EL PASO — For the past three years, business owners of Ciudad Juárez have been living in fear of being victims of the violence taking over their city. According to the Juárez Chamber of Commerce, more than 10,000 city businesses have closed in the past three years due to the violence in the city.
In an atmosphere that prevents any business from growing, some entrepreneurs have decided to look for better opportunities in the United States.
Total of Immediate Relative (IR) Visas Issued to Mexicans 2001-2010.
That is the case of Inglés Individual, a franchise of schools of English that will open its doors in El Paso in July.
“If the situation wouldn’t be so difficult in Juárez, I would have stayed there,” said Gustavo González, who founded Inglés Individual in November 1985 along with his siblings, wife and sisters in law.
González is currently searching for a spot in the east side of town to open the business. He plans to invest an estimated $300,000 in the business here.
Until now, there has been only one branch of Inglés Individual in the United States, located in Houston. Throughout México the institute has branches in Chihuahua, Torreón and Tijuana. In 1993, Inglés Individual became a franchise, which allowed for faster growth within the entire country. By 2000, there were more than 80 franchises throughout México. Juárez currently has three Inglés Individual schools owned by the Gonzalez family.
“The first point is to open an institute here in El Paso, maybe two more. One by one then we’ll think about the second and the third,” González said. “Then we want to expand a bit more but under the franchise system, it will become complicated because of the licenses. To begin this franchise system I don’t see more than a five year waiting period, three I believe.”
As the violence increased, the number of students in Juárez dropped and that was the deciding factor for moving to El Paso, González said. On average, the institutes of Inglés Individual located in Juárez would register approximately 30 students per month. That number dropped to barely 10 students signing up.
“Since three years back sales have dropped considerably, to the extent that we can no longer sustain ourselves,” said González. “We never thought we would have to close. We have been operating for 25 years.”
González decided to leave his life in Juárez to start a new one in El Paso about six months ago. He entered the United States through family sponsorship. In his case, his daughter who is over the age of 21 was able to petition residency for both Gonzalez and his wife.
“We were lucky that my daughter turned 21 and could petition for us. We have been here six months and my papers will be arriving soon,” he said.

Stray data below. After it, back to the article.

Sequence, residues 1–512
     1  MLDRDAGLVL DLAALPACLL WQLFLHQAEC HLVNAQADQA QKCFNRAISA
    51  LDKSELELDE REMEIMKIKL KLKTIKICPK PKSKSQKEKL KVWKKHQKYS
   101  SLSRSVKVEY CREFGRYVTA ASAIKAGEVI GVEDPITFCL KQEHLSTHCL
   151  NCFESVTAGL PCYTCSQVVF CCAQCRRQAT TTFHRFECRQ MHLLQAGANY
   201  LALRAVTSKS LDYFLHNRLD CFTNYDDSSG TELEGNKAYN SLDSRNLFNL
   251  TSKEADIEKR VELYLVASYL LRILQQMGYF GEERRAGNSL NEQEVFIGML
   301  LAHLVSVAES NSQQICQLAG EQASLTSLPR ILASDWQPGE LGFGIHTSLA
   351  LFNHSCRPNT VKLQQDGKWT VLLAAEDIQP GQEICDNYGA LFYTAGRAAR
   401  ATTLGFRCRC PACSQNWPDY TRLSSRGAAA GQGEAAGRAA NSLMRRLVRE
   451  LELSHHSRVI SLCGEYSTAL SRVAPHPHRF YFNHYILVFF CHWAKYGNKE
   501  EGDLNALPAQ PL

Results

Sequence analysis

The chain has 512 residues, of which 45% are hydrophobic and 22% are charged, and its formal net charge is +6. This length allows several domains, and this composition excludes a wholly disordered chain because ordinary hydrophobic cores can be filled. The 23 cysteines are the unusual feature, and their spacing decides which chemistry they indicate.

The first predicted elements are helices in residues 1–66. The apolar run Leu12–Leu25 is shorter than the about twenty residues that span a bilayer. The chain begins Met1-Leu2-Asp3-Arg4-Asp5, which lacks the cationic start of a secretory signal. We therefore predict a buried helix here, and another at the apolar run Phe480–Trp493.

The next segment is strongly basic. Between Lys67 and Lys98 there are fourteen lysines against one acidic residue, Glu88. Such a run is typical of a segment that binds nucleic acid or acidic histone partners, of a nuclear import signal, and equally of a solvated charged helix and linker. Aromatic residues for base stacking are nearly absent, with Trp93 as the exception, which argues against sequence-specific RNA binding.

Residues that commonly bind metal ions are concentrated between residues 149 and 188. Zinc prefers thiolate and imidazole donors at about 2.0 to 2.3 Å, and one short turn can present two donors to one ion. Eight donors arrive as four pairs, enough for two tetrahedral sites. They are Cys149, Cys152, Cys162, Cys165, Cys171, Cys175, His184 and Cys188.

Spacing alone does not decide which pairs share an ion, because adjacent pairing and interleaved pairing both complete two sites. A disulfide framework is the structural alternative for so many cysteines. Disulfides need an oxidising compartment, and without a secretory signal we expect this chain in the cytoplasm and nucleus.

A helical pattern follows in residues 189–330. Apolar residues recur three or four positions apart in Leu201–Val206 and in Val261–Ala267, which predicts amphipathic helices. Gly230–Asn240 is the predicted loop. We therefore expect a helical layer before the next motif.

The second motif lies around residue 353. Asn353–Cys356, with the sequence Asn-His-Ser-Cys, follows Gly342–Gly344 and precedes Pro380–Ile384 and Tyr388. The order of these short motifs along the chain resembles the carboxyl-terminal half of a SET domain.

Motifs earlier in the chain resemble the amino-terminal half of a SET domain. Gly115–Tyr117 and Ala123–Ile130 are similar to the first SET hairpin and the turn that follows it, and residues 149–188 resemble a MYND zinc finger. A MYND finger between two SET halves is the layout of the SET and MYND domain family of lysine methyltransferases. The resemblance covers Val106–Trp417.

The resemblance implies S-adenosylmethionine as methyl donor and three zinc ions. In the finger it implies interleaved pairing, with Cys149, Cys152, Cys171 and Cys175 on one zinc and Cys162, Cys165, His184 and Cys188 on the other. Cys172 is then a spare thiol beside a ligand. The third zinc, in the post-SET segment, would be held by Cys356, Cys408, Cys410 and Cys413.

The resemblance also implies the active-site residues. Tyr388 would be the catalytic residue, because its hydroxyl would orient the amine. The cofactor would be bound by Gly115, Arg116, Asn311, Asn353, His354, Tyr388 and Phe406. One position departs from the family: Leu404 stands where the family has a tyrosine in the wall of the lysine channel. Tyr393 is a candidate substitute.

This is one of the three ways to obtain a permanent residence through an immediate relative. American citizens can also petition for their spouse, or if they have an unmarried child under the age of 21.
According to reports from the Bureau of Consular Affairs website, a total of 43,340 Immediate Relative visas were issued in 2010 to people coming from México. Of those green cards, 12,248 were issued to parents of US citizens who were at least 21 years of age.
Humberto Guerrero, an immigration lawyer whose clients are mainly Juárez businessmen trying to open a business in the U.S., said the number of petitions have remained the same compared to the years in which violence did not exist.
“As soon as the U.S. citizen child turns 21, the parents want to initiate the process. That has not changed,” said Guerrero. “However, I have seen an increase in work and investor visas from Mexican individuals from various regions of México. This may be related to the violence in México in general.”
Persons approved for immigrant visa through family petition have the same rights as U.S. citizens, except that they cannot vote or hold jobs designated for U.S. citizens. However, they can request a permit to be able to work in the United States. This permit arrives about five months after the application have been filed, even before the interview for approval of residency.
Gonzalez said that, like him, many people from Juárez have come to El Paso simply because their sales are falling. “I have the mentality to come here since the sales began to fall over there. I have to find another way of doing business,” Gonzalez said.
It is not only business owners who feel the drug war has forced them to change their lifestyle and flee to another country. A study conducted by the Universidad Autónoma de Ciudad Juárez (UACJ) to measure the perception of insecurity among the Juarenses found that 55 percent of the population would leave the city if they had the opportunity to do so.
Since Mexican President Felipe Calderon declared war against drug cartels, more than 7,000 people have been killed in Juárez. According to the UACJ study large percentages of people have stopped going out at night, carrying money or jewelry with them, going to the movies and even have stopped visiting friends and family because of their fear of being caught in the middle of crossfire.
A definite ending to the violence in Juárez seems distant. Business owners, as well as families, are looking for different ways to come to the United States legally to escape the violence in Juárez. Inglés Individual, as well as other concerns, restaurants, and stores are coming to El Paso to offer the services their country of origin is preventing them to do.
“I know a lot of people that come fleeing to El Paso. We practically started from zero here in El Paso but we had to take advantage of the opportunity of my daughter petitioning for us. We cannot wait for something to happen to us or to our family,” Gonzalez said. “Juárez is about to become a ghost town.”